When we experience a breakup—rare for us, since a breakup requires a relationship, which usually implies romantic closeness and mutual affection—the last thing on our mind is how to deal with it sensibly.
We’re drawn more to the tried-and-true coping mechanisms of clouding our minds and hearts with various substances, hooking up with other people before we are emotionally ready, and obsessively checking our old SO’s social media accounts.
But here’s an interesting idea: what if we chose to deal with these heartbreaks, which science has confirmed to be similar to actual drug withdrawals, in ways that are not self-destructive? What if we approached healing from a breakup the same way we might approach a new exercise plan or learning a language?
If you’re tired of crying onto Domino’s Chocolate Lava Crunch Cakes while listening to Adele, read on for eight science-based methods for getting over a breakup.
1. Go cold turkey on your ex.
In a video shot by Business Insider, biological anthropologist Helen Fisher says that when things are no longer going well in a relationship, the best way to deal with the object of your affection after the breakup is to treat them like something you’re addicted to—and if possible, go cold turkey.
“Throw out the cards and letters or put them in the box and put them in the attic,” she says. “Don’t write, don’t call, don’t show up where this person is likely to be.”
Instead: “Go out with old friends. Get hugs from old friends—that drives up the oxytocin system and calms you down.
“Get some physical exercise—that drives up the dopamine system that gives you energy and optimism and focus and motivation. It also drives up the endorphins so that some of the pain goes away.”
Speaking of that pain…
2. Take pain relievers—really.
You know that crushing pain in your chest when you remember the way that your lover-no-more used to tickle your back some nights to help you fall asleep? Or the way your body feels like it’s actually aching to be held as you recall that last vacation to France, when you stayed up half the night in an Airbnb talking about major archaeological sites that you wanted to visit together one day and then they still woke up early to bring you a chocolate croissant while it was still warm?
Well, turns out that pain isn’t just in your head—it’s physiological. And though it may seem odd, popping an aspirin can relieve some of the physical manifestations of your emotional pain, according to research published in 2010.
For The New York Times Modern Love column in a piece titled “Can Tylenol Help Heal a Broken Heart?,” Melissa Hill describes in painful detail what it feels like as rejection activates our parasympathetic nervous system:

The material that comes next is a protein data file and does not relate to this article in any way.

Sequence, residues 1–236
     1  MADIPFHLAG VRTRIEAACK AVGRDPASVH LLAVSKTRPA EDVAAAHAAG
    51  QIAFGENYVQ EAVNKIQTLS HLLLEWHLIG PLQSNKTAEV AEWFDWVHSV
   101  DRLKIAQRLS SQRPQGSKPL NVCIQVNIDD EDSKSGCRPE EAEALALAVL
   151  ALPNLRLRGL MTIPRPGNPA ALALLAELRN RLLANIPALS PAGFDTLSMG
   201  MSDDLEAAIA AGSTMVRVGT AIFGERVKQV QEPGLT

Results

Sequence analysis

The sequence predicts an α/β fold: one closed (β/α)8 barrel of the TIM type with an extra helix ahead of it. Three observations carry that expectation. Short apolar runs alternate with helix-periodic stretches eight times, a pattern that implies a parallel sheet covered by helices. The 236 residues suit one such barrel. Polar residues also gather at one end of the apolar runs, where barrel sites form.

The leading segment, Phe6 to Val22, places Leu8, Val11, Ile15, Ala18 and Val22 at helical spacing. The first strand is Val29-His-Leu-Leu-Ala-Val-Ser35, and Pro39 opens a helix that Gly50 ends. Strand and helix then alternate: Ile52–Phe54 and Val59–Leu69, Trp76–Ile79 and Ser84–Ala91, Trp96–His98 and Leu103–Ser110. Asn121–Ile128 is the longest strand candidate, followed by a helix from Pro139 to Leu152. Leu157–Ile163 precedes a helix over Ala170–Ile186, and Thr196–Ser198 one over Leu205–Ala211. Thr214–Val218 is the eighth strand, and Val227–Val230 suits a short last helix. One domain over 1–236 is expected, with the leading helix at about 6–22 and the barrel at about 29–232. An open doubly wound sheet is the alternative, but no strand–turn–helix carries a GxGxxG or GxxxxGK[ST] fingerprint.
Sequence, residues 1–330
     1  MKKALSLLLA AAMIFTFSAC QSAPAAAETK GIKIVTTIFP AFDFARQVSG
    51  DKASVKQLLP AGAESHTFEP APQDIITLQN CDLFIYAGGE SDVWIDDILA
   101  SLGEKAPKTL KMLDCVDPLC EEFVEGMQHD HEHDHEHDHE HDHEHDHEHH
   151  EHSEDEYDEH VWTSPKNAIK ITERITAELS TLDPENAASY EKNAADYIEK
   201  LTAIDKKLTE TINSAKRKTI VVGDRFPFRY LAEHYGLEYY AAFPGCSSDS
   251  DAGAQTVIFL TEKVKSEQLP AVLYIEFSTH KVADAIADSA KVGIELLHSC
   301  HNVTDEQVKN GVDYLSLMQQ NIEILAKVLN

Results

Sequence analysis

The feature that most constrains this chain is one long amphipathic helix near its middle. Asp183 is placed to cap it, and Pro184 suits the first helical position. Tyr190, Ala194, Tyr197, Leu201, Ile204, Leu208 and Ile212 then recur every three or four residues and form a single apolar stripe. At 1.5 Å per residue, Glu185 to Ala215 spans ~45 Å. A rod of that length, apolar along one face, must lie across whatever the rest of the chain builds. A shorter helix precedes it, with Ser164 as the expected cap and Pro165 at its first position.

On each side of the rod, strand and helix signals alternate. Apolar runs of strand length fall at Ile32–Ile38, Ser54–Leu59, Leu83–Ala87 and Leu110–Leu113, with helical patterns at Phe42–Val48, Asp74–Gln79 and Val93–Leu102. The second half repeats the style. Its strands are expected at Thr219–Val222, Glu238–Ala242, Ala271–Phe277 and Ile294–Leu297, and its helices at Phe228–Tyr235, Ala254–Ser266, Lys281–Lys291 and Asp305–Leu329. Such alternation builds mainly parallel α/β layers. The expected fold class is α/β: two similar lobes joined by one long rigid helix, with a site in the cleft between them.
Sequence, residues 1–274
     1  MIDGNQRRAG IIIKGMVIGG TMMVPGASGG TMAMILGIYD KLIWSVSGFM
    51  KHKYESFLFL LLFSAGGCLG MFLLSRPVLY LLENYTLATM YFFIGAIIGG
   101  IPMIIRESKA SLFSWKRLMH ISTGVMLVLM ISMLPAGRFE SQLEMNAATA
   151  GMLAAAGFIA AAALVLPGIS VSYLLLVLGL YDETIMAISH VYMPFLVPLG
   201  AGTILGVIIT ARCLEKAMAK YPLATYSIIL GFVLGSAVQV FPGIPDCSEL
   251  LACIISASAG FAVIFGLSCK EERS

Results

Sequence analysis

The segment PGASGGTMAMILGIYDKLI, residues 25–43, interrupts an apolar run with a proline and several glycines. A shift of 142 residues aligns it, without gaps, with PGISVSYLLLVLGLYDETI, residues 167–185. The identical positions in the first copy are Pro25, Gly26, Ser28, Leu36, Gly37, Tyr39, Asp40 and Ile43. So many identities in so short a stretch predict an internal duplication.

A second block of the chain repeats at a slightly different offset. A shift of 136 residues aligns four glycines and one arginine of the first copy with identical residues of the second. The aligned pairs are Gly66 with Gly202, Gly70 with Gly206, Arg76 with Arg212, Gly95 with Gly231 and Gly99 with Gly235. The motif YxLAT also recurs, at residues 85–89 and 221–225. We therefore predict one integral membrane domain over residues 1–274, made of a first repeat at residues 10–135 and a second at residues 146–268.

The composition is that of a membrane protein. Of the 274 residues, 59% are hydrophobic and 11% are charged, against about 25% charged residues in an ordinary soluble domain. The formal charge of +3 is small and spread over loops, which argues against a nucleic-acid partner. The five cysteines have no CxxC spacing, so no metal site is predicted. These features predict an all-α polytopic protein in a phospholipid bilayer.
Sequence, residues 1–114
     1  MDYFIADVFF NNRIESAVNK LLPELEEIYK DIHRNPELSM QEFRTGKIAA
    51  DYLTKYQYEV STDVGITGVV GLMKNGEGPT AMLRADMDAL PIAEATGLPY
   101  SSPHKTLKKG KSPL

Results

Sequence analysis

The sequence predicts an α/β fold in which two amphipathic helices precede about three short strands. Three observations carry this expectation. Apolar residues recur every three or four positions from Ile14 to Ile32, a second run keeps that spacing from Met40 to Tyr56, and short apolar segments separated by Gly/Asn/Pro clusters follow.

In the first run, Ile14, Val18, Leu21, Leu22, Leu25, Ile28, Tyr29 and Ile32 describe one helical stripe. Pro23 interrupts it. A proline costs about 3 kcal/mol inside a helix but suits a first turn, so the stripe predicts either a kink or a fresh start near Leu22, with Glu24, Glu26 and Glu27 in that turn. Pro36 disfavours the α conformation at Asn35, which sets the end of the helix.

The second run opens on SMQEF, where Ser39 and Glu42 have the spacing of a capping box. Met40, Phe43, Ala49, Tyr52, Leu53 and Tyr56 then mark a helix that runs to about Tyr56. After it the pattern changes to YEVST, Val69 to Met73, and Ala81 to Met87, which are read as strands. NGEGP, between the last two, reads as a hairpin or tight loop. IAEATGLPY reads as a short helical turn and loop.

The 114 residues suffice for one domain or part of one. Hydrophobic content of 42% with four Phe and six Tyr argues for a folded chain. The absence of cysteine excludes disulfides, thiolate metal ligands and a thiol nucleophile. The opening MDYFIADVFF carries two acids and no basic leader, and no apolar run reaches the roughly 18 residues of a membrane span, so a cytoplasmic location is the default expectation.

A signal is sent through the vagus nerve from our brain to our heart and stomach. The muscles of our digestive system contract, making it feel as if there’s a pit in the deepest part of our stomach. Our airways constrict, making it harder to breathe. The rhythmic beating of our heart is slowed so noticeably that it feels, literally, like our heart is breaking.
We hear you, Melissa. Please bring us the Tylenol.
3. Reflect—don’t dwell—on the breakup.
People in the wake of a breakup are experts at rerouting all conversations toward their ex. Not only is it a way for them to examine, again and again and again, the architecture of their failed relationship, but it’s an attempt to, in whatever way possible, feel close again to the person they are missing.
While it’s fine, and even good, to spend some time reflecting on a breakup, be careful not to cross over into the very near territory of wallowing.
As Maanvi Singh points out in “Breaking Up Is Hard To Do, But Science Can Help” for NPR, research in the journal Social Psychological and Personality Science suggests that “though calmly reflecting on a breakup may help, dwelling on it doesn’t.”
What might this calm reflection look like? The study’s participants who healed from their breakups more quickly were asked to come into a lab regularly to answer questions about their breakup over the course of nine weeks, and this helped them process things better than the group who only completed two basic surveys, one at the beginning and the other at the end of the study.
4. Prioritize Your Physical Health
As you may already know from personal experience, a breakup can screw heavily with all of your bodily functions. Suddenly, your favorite food has the appeal of rubber. The possibility of running into your ex at a party keeps you alert half the night playing out various fantasies of an emotional makeup.
How? Why? “Studies have found that people in long-term relationships tend to regulate each other’s biological rhythms,” Singh writes for NPR.